The BBC's religion blind spot
By RUPERT SHORTT
Written nearly forty years ago, The Half-Shut Eye by the late John Whale is an elegant broadside with a twofold argument. First, that much television output holds up a distorted mirror to the world; but second, that this doesn’t matter because the medium itself is of little importance. Though a former ITN Washington correspondent, Whale was happier as one of Harold Evans’s chief lieutenants on the Sunday Times. Aware that his highbrow stance could constitute a blind spot of his own, he later acknowledged that only the first of his theses held water.
Faith is one of the subjects which has not been well served by television. This blog is a cautionary tale about the start – and likely end – of my career as a small screen pundit last Sunday. I’ve lately published a tract of my own, God Is No Thing, which doubles up as a reply to the New Atheists and a defence of Christian belief. Frustrated both by New Atheist stridency and a more general air of condescension among secularists, I set myself the task of explaining in a hundred pages how you can be philosophically and scientifically literate, yet still go to church without leaving your brain in the porch. That, presumably, was why I was invited to appear on The Big Questions, the discussion programme hosted by Nicky Campbell that follows Andrew Marr’s Sunday morning interview on BBC1. A small studio audience sits behind ten or so guests who debate the issue of the week. Last Sunday’s pre-recorded item was entitled “Did man create God?”
Though promised “an in-depth encounter with more time than usual” by a Corporation researcher, I was largely relegated to the role of spectator. Apart from bowling me a googly (“Aren’t religions by definition exclusionary?” – a question almost impossible to answer in a nutshell), Campbell gave me no opportunity to speak at all. Instead, the baton was passed again and again to the shouters and mud-slingers, especially on the atheist side. One of the more constructive non-believers was kind enough to note the oddness of all this in a message to me afterwards. “Nicky is very uneven-handed in terms of the people he turns to”, this person wrote.
So what points would I have made, given the chance? Here are a few. Yes, of course man has created God to a significant degree. Get over the binary alternatives! It ought to go without saying that much theological speculation and religious practice involves projecting fantasies and guilt feelings into the sky. But that hardly discredits religion as such. What the philosopher Mary Midgley terms “nothing buttery” (“We’re nothing but atoms and molecules”; “We’re nothing but our genes”) is itself highly questionable. Meaning is no less real for not being physical; you don’t shed any light on a poem by examining the chemistry of the ink on the page. And talking of poetry, poets themselves don’t merely draw on their inner resources: they interact with their surroundings. In short, they discover as well as invent. Allied to this stands an awareness at the core of a Jewish or Christian or Muslim world view – that since we’re not self-created, we’re answerable to a truth we don’t create.
Not self-created. Though books have appeared with hubristic titles, including Lawrence Krauss’s A Universe from Nothing, it is not possible, in the terms philosophical naturalism allows, to say how anything can exist at all. X is potentially y because x already exists: as Aristotle saw, potentiality is always a function of actuality. No surprise, then, that when Krauss employs the term “nothing”, it is always productive in some sense. A quantum vacuum is not nothing: it is a relatively empty entity within a structured cosmos. That is why the question whether the universe was created differs radically from musings about fairies at the bottom of the garden. If asked to construct a theological framework from the data of experience, I’d point to three elements: first, an awareness of ourselves as embodied beings with the capacity to grasp meaning and truth; second, the process of seeing our status as a gift prompting awe, gratitude and a heightened sense of ethical awareness; and third, an acknowledgement of that gift as grounded in a reality that freely bestows itself to us.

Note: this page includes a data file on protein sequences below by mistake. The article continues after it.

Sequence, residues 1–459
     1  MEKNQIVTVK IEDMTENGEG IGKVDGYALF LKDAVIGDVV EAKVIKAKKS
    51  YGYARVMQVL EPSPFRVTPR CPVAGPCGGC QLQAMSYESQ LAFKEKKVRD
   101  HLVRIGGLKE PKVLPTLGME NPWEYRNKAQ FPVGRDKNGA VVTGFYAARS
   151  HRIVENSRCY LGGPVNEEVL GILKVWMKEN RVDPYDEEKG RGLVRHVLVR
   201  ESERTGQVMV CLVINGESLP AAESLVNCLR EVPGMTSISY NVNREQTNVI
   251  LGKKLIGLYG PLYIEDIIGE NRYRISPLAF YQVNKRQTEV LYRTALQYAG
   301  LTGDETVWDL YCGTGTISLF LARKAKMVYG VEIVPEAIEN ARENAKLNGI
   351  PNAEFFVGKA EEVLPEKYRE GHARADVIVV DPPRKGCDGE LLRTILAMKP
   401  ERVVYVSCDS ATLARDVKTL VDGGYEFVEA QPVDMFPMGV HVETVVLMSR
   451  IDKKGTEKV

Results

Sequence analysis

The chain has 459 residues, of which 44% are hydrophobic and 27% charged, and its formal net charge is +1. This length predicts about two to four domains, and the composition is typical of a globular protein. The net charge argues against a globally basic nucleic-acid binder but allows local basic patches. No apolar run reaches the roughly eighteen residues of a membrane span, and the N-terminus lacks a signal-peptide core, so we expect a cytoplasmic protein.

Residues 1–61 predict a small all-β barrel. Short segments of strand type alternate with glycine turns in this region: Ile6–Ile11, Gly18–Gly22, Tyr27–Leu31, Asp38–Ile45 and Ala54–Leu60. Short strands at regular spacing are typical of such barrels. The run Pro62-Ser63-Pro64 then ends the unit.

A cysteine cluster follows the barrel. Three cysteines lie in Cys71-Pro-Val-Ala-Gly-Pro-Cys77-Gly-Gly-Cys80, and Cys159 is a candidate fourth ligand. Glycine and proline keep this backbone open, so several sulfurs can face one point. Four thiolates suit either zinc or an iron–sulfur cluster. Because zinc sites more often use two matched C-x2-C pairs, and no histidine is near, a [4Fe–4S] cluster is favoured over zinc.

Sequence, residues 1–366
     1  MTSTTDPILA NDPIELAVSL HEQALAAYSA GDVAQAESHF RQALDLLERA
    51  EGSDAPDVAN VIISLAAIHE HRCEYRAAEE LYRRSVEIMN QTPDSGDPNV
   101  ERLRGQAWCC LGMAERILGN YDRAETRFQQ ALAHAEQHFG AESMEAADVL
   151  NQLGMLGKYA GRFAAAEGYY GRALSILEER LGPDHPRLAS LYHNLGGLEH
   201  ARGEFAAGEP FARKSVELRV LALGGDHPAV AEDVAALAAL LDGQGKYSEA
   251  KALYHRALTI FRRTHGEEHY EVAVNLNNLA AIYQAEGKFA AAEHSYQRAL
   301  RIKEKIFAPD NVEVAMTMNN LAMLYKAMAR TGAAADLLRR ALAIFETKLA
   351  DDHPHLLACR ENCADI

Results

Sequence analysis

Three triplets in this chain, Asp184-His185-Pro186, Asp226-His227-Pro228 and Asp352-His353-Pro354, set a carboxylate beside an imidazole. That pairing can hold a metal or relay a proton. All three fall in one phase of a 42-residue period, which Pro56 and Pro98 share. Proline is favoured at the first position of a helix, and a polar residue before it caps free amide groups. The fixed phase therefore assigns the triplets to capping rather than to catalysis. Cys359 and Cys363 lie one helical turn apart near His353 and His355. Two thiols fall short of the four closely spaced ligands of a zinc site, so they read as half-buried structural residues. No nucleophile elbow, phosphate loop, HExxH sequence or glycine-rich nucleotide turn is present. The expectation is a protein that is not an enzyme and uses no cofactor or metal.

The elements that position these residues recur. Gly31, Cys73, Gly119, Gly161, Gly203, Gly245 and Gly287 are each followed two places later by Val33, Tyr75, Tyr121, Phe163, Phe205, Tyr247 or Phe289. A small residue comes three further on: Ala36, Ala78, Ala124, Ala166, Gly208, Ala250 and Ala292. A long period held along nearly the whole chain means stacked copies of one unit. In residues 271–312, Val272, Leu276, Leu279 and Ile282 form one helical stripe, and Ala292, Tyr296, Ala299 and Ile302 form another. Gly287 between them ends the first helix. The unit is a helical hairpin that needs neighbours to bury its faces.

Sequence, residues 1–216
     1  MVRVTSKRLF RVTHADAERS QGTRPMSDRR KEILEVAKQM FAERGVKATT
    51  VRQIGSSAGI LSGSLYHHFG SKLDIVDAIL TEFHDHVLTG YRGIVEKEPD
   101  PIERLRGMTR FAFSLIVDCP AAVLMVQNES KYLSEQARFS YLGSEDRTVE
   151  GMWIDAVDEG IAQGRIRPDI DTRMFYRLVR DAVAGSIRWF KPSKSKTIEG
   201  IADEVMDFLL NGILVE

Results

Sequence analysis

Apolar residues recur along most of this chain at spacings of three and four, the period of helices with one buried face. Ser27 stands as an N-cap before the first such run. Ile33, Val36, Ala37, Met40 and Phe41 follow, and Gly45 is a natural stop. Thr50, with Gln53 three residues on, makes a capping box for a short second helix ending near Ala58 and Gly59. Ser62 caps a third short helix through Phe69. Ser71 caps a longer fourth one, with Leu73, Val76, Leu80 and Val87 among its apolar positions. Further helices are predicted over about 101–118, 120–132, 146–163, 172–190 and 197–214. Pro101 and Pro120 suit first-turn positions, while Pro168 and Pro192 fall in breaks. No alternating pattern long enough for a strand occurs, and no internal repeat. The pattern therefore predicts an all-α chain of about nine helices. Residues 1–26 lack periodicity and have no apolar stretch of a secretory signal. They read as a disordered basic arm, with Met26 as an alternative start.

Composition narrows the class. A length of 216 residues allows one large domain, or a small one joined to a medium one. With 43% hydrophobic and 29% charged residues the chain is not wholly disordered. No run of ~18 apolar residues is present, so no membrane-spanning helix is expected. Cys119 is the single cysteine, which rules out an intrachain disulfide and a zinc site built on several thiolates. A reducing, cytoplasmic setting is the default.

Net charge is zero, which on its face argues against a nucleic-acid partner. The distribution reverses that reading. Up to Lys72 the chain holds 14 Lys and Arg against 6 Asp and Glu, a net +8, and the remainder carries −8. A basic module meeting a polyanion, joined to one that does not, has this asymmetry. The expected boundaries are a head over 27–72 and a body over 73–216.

Some readers might be wondering whether all this amounts to anything more than a solitary gripe. I wish it were only that. The problem is that Nicky Campbell’s lack of balance is equally evident across the BBC. Take a flagship radio programme like Start the Week, which has allowed one atheist commentator after another – not just Richard Dawkins, but A. C. Grayling, Steve Jones, Sam Harris, Brian Cox and Quentin Skinner among others – to parachute into theological territory without map or compass. I would level the same charge against Andrew Marr, who is also Start the Week’s main presenter, and know that my view is shared within the BBC’s Religion and Ethics department. While not censored entirely, faith-based perspectives tend to be confined to special zones such as Songs of Praise and “Thought for the Day”.
The unacknowledged assumption here is plain: atheism is the default neutral stance for grown-ups; religious voices, even highly self-critical ones, are biased. (This must be why another major programme, The Moral Maze, contains only one non-atheist on the resident team of inquisitors.) In other words, my experience was symptomatic. The Big Questions: Did man create God? airs on May 29 at 10 a.m., but I fear I can’t recommend it. Television matters hugely. That’s but one reason why it needs to do better with matters of faith.